Still, KUSF has had an online presence for several years, and Kidd said it will now bolster its online resources to support thousands of listeners at once, up from the hundreds who can currently listen.
Perhaps the most successful online stations are hybrids like the free-form WFMU (91.1 FM), based in New Jersey and broadcasting to New York City. Station staff bought the license from Upsala College in 1995 and began streaming live to the Web in 2006. With a listener-funded annual budget of $1.2 million, it’s become a cultural powerhouse often referred to in the New York press as “the best radio station in the country.”
“The homeless guy in the ’Loin, he’s not streaming us on his Mac laptop,” said former KUSF DJ Alex Stack. “He’s got a $5 radio. It’s that connection to the community that is lost.”
KUSF’s hybrid FM-online model — stoked by its many community partners — was the future of radio, and that’s now gone.
“KUSF was doing something way ahead of its time,” Kidd said.
KUSF joins a crowded ecosystem this year as it transitions from a hybrid AM-FM and online station to an Internet-only format. Web radio expands by the day, and there’s no shortage of weird community content to contend with.
While Internet stations number in the thousands, Emeryville’s Pandora has become dominant. Edison Research reported in September that Pandora is so good at DJing the computers and smart phones of 12- to 24-year-olds that it makes up 20 percent of all its music streaming. Reuters reports that the company will seek a $100 million initial public stock offering this year. Pandora had no comment.
Rusty Hodge, longtime Internet DJ and founder of SomaFM, says he’s seen steady growth in both listenership and revenue, especially since Net radio appears on more noncomputer devices like the Roku for TVs.
“The long-anticipated boom in net radio is here,” Hodge said. “I was having a discussion with a big KUSF fan who said, ‘Their loss is your win.’ And I kind of felt guilty, but yeah, it is. People who are looking for that kind of content have been forced to look other places.”
Youth still like terrestrial radio, but they’re being pulled toward TV and the Internet. Edison Research has warned broadcasters to “claim Internet radio or lose it. … Send more stations after these demos or watch them fade away.”
More than two-thirds of radio listeners do so in their car. With Pandora and other Web radio services rolling out across vehicle fleets this year, the Pew Project for Excellence states, “Not only would wider choice impact what people listen to, but it also could greatly affect advertising.”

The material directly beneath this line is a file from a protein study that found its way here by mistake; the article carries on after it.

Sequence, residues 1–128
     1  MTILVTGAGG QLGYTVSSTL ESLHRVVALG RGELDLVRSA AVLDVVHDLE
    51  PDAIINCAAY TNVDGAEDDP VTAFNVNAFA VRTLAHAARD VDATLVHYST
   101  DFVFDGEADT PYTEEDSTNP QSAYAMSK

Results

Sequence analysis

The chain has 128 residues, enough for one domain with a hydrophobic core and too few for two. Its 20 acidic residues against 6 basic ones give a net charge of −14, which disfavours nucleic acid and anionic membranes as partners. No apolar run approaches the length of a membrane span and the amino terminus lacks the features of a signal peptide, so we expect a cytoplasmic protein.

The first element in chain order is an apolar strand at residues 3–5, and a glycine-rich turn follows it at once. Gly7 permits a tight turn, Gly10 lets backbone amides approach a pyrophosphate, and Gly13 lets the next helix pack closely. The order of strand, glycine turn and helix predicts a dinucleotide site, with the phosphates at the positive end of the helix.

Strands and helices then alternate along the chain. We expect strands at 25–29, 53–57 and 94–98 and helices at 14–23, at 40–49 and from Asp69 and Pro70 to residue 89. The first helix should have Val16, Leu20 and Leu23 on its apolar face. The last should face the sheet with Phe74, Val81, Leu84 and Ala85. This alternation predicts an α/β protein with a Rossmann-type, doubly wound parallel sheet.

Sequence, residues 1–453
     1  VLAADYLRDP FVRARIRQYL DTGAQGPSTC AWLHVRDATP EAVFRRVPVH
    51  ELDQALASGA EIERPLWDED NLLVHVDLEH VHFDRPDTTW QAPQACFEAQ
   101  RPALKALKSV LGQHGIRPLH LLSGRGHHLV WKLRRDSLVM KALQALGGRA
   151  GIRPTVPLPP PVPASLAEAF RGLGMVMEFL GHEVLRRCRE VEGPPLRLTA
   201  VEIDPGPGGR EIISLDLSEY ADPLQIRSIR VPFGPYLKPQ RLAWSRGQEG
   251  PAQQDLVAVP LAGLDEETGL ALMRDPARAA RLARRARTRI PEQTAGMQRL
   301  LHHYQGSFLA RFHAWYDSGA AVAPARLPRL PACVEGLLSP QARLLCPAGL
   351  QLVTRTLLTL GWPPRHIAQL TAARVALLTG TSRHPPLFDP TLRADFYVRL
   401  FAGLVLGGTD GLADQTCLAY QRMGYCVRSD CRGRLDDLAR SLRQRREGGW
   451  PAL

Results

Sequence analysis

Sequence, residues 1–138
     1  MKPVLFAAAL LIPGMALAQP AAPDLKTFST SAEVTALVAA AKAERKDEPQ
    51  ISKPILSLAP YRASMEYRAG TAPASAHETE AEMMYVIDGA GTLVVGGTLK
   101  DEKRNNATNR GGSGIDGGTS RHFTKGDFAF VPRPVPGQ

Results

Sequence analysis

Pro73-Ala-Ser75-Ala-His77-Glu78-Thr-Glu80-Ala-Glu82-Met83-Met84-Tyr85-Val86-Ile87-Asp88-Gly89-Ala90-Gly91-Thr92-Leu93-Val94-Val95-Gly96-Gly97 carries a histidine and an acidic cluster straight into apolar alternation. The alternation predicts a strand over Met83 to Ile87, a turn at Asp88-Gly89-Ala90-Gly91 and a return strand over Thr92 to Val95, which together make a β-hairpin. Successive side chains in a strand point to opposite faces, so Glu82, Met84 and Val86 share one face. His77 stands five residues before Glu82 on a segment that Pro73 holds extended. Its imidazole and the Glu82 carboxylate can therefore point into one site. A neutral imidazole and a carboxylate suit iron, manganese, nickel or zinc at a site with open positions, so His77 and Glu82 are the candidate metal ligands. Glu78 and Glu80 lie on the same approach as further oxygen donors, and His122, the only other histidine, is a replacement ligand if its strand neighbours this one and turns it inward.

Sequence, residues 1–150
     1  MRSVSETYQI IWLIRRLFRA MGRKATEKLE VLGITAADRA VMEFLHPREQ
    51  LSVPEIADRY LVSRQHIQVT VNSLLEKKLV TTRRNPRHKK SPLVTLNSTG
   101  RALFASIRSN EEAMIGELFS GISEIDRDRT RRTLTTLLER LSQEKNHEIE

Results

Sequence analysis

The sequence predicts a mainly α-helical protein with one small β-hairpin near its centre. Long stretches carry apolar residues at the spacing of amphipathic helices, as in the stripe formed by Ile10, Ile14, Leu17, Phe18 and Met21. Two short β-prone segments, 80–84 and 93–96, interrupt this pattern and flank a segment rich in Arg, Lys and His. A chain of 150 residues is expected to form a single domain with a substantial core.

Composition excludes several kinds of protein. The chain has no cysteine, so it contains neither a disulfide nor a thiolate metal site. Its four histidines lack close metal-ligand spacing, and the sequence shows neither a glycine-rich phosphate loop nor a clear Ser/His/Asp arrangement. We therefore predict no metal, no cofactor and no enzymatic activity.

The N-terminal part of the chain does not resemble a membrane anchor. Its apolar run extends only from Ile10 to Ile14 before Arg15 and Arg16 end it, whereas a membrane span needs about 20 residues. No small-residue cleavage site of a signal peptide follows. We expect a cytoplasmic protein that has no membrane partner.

Terrestrial radio isn’t taking such changes laying down, though, said Edison vice president Jason Hollins.
About 750 major broadcasters have signed up to be a part of Clear Channel’s new streaming radio app IHeartRadio, which has been downloaded more than 10 million times. And San Francisco’s Live 105 KITS (105.3 FM), owned by CBS, has gone to No. 1 in its key demographic by using Jelli — a Web service that turns a radio station’s on-air playlist into a live, social network game.
— David Downs
College radio still has a foothold, but signals in The City can be weak.
KZSC (88.1 FM)
UC Santa Cruz Noncommercial public interest radio featuring a variety of genres, public affairs and sports
KFJC (89.7 FM)
News, music and information unavailable elsewhere
KZSU (90.1 FM)
News and public affairs, events and live music, and sports from eight Stanford teams
KALX (90.7 FM)
Free-form radio 24 hours a day featuring underground music, news, sports and information
KCSM (91.1 FM)
College of San Mateo
Nonstudent-managed 24-hour jazz station with an audience of more than 200,000
KSCU (103.3 FM)
Santa Clara University
Eclectic, student-run station that bills itself as “the Underground Sound”
Web radio has a growing hold on young listeners.
Personalized Internet radio from Emeryville.
24/7 new indie with a Friday live show from award-winning DJ Ted Leibowitz.
18 channels of electronic music from Rusty Hodge and crew, who’ve been around since the last tech bubble.
The Bay Bridged
Local indie blog with weekly podcasts and live audio.
Pirate Cat Radio
Fined $10,000 and kicked off the air last year, this pirate community radio station got a legal signal at KPDO (89.3 FM) in Pescadero.
The online stream of a new pirate radio station in the Mission illegally broadcasting on 87.9 FM — for now.